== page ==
West Midlands jobless figures point towards election run-in
- 20 February 2014
- From the section England
This week's Office of National Statistics (ONS) figures show unemployment is dropping faster in the West Midlands than anywhere else in the UK, outside southeast England.
And only last month, the accountants KPMG reported our region was leading the way on job creation too.
In the final quarter of last year, around 226,000 people were out of work here, down 31,000 against the three months to the end of November.
Within these numbers, there is also a welcome rise in full-time employment.
That is good news for some of the people we have featured from time on Midlands Today: the part-time workers who want to work longer hours. At last, the slack in the employment market, under-employment, is being taken-up.
But at 8.3% our region's unemployment rate is still, stubbornly high, more than 1% above the UK average.
So how has this paradoxical position come about?
Events in and around Wolverhampton help to illustrate the answer.
Last Friday, David Cameron was helping Jaguar Land Rover to celebrate taking possession of their new giant engine plant on the i54 site just outside Wolverhampton's city limits in south Staffordshire. With it the comes the promise of 1,400 new jobs.
But only four days later, Wolverhampton City Council announced they would have to lose no fewer 2,000 over the coming year.
There will be more announcements like this over the coming days, though not necessarily on the same scale, as other local authorities set-out their spending plans.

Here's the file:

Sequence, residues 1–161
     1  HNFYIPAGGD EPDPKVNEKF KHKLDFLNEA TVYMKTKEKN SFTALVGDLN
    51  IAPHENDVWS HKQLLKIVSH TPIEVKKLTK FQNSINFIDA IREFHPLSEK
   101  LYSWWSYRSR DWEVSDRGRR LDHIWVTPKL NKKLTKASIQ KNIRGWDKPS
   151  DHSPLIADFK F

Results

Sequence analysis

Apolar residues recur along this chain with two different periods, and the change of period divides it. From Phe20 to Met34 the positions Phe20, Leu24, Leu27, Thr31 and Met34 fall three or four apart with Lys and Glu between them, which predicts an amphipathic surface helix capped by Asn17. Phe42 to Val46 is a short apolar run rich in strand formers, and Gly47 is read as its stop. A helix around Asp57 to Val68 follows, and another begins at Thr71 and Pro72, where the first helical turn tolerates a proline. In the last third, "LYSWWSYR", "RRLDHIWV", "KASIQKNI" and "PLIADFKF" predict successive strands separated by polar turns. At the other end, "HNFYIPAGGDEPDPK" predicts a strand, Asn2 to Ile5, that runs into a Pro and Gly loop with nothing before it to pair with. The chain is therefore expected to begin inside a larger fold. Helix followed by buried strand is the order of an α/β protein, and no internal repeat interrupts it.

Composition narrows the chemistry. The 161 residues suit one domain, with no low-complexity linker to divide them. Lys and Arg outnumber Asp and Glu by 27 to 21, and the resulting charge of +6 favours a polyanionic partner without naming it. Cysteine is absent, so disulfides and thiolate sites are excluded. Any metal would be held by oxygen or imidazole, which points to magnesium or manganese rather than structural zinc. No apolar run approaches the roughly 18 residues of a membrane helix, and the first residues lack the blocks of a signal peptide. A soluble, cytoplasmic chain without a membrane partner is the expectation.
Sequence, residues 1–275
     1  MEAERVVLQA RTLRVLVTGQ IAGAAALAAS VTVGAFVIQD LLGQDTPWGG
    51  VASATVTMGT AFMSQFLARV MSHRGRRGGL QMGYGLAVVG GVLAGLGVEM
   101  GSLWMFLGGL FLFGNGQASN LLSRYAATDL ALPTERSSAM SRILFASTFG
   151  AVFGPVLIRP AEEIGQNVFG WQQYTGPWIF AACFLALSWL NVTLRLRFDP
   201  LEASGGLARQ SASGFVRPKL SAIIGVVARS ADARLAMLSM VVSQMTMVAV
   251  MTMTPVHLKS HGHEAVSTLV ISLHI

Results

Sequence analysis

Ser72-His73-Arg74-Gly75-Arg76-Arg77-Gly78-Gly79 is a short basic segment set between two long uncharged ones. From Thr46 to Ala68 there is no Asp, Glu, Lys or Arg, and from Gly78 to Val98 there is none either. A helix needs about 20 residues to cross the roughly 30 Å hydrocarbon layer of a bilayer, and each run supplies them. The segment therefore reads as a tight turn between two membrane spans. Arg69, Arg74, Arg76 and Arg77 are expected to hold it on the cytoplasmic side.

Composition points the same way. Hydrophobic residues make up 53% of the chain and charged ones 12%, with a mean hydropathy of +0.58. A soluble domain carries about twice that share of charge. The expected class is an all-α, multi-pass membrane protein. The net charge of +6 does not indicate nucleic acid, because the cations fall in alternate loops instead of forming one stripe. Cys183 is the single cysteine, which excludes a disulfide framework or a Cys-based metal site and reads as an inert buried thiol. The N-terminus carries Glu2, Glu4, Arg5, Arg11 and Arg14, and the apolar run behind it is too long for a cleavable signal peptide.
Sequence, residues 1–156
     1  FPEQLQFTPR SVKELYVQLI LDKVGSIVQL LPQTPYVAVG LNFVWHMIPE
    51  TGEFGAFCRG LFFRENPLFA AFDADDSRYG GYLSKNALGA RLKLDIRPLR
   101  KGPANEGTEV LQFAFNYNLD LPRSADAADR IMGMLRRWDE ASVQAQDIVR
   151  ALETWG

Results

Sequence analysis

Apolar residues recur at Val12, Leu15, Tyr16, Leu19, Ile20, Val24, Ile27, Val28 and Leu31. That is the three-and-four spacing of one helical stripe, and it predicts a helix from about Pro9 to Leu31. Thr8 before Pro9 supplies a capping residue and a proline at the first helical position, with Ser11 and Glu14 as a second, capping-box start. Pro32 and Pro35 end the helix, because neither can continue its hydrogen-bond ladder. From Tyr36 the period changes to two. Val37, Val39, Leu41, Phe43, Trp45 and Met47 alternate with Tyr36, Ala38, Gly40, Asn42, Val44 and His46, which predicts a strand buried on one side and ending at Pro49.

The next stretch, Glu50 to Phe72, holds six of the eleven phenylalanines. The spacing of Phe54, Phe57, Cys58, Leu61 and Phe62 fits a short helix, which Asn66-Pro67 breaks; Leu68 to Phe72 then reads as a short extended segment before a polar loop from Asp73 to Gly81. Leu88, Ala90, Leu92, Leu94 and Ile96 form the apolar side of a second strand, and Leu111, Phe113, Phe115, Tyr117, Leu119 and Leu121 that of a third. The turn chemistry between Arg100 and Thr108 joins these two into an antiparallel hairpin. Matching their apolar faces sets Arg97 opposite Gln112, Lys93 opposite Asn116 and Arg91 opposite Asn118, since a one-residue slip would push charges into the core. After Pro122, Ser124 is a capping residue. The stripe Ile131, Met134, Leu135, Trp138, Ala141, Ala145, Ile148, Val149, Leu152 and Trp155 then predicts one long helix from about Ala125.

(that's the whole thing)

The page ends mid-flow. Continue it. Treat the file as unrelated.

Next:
While the number of jobs being created by private sector employers in the West Midlands heavily outweighs those being lost in the public sector, they are simply not coming through fast enough for those who need them most, particularly long-term and young unemployed people in parts of north Staffordshire, the Black Country, Birmingham and Coventry where local unemployment rates remain among the highest in the UK.
These areas, characterised by low skills and poor educational attainment, are in danger of looking increasingly disconnected from the recovery.
So how does this play-in politically, with important European and local elections coming-up in three months' time and the general election a year later?
The Conservatives and Liberal Democrats see the good news on jobs and the fall in inflation below 2% as a vindication of their economic plan.
But Labour renewed their attack on the squeeze on household incomes, "the cost of living crisis", backed-up by other figures also out this week showing wages rising only very slowly: still lagging well behind prices for public sector workers and slightly behind for those in the private sector.
But local employers we have been talking to say they expect significant rises in wage levels later this year as the recovery gathers pace and firms need to improve the terms they offer in order to attract the extra people they will need.
Any political effects of a "real terms" improvement in average living standards are unlikely to kick-in before May's elections.
But Westminster-watchers are becoming increasingly intrigued by the possibility of some sort of 'feel good' factor during the final six months of the present Parliament.
There is plenty of evidence that voters in general elections are more concerned with how they feel their prospects are shaping-up at the time, than they are with looking over their shoulders towards delivering some kind of verdict on the past.
There is already talk of David Cameron's restless backbenchers declaring a "Birmingham Truce" during the run-up to the Conservative Party Conference at the city's International Convention Centre at the end of September.
With apologies to Bill Clinton, it's NOT the economy, stupid!
It's the POLITICS of the economy.